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Dan Brockman, Professor of Small Animal Surgery at the Queen Mother Hospital of the Royal Veterinary College, University of London, speaks about the perils of throwing sticks for dogs.
For vets it is one of the most frustrating kinds of injuries. Every year my colleagues and I treat dozens of dogs injured while running to fetch sticks thrown by their owners.
Many injuries are minor but some are horrific. They range from minor scratches to the skin or lining of the mouth, to paralysis of limbs, life-threatening blood loss, and acute and chronic infections. The problem is that sticks are sharp – and very dirty. That means that, as the dog runs onto them or grabs them in its mouth, the end of the stick can easily pierce the skin, going through it to penetrate the oesophagus, spinal cord, blood vessels or the dog’s neck. Commonly, small or sometimes large pieces of stick break off and remain inside the neck. These sticks are usually covered in bacteria; fungi; and yeasts from the environment. In addition, the stick enters the body through a bacteria-laden site, the mouth, carrying those germs into the wound too. Unless the pieces of stick are all found and removed infection develops. Sometimes these bacteria can become very resistant to antibiotics – so-called superbugs – that eventually kill the animal.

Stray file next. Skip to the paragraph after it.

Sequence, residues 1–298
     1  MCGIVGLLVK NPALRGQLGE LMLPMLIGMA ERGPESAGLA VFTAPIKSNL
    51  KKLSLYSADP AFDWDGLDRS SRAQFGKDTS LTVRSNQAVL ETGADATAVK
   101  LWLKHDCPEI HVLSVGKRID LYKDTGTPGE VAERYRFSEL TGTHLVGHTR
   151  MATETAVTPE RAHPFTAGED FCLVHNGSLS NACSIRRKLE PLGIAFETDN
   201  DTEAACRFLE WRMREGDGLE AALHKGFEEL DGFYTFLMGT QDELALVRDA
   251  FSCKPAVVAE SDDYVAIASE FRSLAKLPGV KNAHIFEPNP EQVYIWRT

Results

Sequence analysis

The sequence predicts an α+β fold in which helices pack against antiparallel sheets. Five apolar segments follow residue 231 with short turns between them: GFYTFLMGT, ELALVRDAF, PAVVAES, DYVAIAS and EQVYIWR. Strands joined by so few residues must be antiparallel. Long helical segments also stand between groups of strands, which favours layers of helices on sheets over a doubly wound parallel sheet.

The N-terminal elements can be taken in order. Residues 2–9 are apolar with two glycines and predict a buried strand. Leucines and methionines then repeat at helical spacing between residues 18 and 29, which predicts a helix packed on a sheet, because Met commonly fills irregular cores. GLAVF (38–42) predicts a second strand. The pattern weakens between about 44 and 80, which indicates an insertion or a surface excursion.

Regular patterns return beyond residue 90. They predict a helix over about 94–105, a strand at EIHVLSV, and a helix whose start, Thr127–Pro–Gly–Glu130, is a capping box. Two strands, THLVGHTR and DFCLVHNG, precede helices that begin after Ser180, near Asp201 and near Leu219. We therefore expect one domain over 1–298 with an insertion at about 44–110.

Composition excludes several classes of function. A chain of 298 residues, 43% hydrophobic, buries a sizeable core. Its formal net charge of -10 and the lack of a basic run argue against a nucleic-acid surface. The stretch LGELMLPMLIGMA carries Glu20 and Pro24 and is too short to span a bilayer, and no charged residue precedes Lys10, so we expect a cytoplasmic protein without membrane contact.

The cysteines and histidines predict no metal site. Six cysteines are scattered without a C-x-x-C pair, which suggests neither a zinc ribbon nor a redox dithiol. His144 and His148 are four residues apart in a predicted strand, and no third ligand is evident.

A study of both acute and chronic “stick injuries” in dogs, performed at the Royal Veterinary College, has shown how serious these can be. Most dogs that were presented within 48 hours of the injury had surgical exploration of the neck and the majority were found to still have wood in their wounds. Spinal cord injuries were less common than oesophageal damage but the most lethal problem was infection. Several dogs involved in the study died as a result of their stick injury and these deaths almost always involved resistant bacteria and infection that spread from the neck to the chest. What’s more, dogs that were not presented to the RVC until some days after the initial injury, typically had serious infections building up around a residual wood fragment. These were challenging to treat, required either computerised tomography or MRI scans to find the fragments and needing one or more operations to remove them.
What this research shows is that dogs that are allowed and encouraged to play with sticks can sustain serious injuries that result in bleeding to death, paralysis or acquiring infections that will kill them days or weeks later. For owners the cost can be huge. I have had dogs with stick injuries whose treatment has cost up to £5,000 – but which have ultimately died. What we have to recognise, however, is that dog owners love to throw sticks – and dogs love to fetch them.
The good news is that there are plenty of healthy alternatives to sticks. Rubber throwing toys, Frisbees or just a simple tennis ball – all will keep a dog just as entertained as a stick – and a lot more safely too.